On the university website, I explain how one can make a toner chalk that will produce charcoal like images directly on plates or on paper for transferring to plates. Good registration is needed for multicolour editions, but it will give a completely new type of image when compared to grease materials. The toner chalks can be made in various hardness depending on the surface texture of your plate or paper. This is a technique that could be explored more by printmakers after acquiring the ability to make their own chalks. This illustration is taken from a proof of a area in a toner transfer from a drawing on newsprint.

One has to use acetone to washout the image before printing starts, but many are very concerned about using this solvent. It has a TVL of 1000 parts per million and in small volumes needed to washout the toner, there should be little concern compared to children inhaling airplane glue for a high. I believe its’ greatest danger is flammability from the low flash point. Do not use hydrocarbons on the silicone surface as it is susceptible to damaged by them.

To reduce the amount needed to washout a plate, I have been using a retarder that prevents acetones’ complete evaporation and dissolved toner, which rebonds on the plate. After many material I have tried, I am now using automobile common brake fluid designated DOT 3 or 4. The polyalkylene glycol it contains is not toxic; about 5% added to your acetone for image washout works about right - too much reduces effectiveness of the acetone to dissolve toner. After dissolving the toner in the image, there is no attempt made to produce a clean plate surface with the solution. A cloth wet with water or soap added will give you a plate ready for printing.

There are many more features of toner that will produce interesting effects for artists, but you will have to experiment with the material you have. In my CD, there is more data on toners and how they can be used in this and other media as well. I suggest that printers ask me specific questions that come to their mind and I will try and answer them from my experience using the material for 23 years.

Copyrighted Nik Semenoff 2008


  1. 1
    everfree Says:

    Thank you for this, The intrepid Driographers are on it! we will be back on monday with questions.

  2. 2
    everfree Says:

    As of friday 22nd we now have broadband installed in our studio and can read your notes directly in situ. This is going to make things much easier for experiments.

  3. 3
    nats Says:

    hi Nik, i am a member of the driographers at green door. I have managed to do some prints, but find this way of printing challenging, my print was inked in black, but on the paper i found color where i had drawn. Could there be something i have done wrong?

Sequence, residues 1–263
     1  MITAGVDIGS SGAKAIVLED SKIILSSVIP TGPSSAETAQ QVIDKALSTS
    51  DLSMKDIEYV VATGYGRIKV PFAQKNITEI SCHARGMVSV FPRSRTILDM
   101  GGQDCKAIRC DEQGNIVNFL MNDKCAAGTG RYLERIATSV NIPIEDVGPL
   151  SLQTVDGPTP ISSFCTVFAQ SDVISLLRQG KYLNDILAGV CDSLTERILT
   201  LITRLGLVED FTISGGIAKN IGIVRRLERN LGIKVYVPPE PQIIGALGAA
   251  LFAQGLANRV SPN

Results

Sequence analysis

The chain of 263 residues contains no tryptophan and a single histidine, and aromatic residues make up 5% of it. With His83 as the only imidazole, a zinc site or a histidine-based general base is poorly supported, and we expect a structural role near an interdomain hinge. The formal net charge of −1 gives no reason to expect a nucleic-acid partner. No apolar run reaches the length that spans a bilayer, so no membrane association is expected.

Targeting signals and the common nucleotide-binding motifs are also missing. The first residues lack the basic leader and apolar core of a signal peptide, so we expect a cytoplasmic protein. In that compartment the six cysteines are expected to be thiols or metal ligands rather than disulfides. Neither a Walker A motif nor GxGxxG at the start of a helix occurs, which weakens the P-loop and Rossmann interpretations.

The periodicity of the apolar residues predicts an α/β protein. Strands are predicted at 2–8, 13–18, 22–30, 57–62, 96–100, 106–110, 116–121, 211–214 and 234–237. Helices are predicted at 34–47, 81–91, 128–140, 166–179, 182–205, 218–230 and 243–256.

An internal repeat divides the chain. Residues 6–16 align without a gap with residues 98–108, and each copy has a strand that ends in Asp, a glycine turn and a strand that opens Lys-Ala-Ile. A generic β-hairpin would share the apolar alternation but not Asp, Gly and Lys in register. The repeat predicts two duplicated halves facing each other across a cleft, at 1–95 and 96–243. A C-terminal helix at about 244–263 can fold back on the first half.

4. 4
    nik.sememnoff Says:

    Hi Nats:
    I really don’t have enough information to give you a good answer. There is bronzing that is common in some black ink that looks like interference colors one sees on oily water surface. It is all on the way the ink dries. I presume you were using Van Son Rubberbase plus ink, which I use and never had that problem. As far as I know, it is more common in traditional litho, but I have not heard of it in waterless. Give me a bit more information as to what colors and if in reflected light at an angle.

  5. 5
    nats Says:

    thanks for replying nik. Yes i did use van son rubberbase plus ink, the colors reflect red on my print. could this happen if the ink is not applyed evenly?

  6. 6
    nik.sememnoff Says:

    This is puzzling as Van Son black has a blue undertone, which comes up when it is diluted in cleanup using acetone or alcohol mix. When you look directly at the image, is it black or red? Reflections show off the bronzing, which is yellow, red and brownish. It could be more humidity in the UK that causes the bronzing, which in itself in weird. Thick ink probably is more likely to bronze I suppose.

    If anyone has any idea, we could use the help.

  7. 7
    nats Says:

    I think i may have answered my own problem nik. After printing another plate, i still got red on the paper, i think it may be the fact i did not wipe the pencil off properly. Either way it is very interesting, hopefully it won’t happen on my next piece of art. Thankyou for your time, will keep posted on this subject.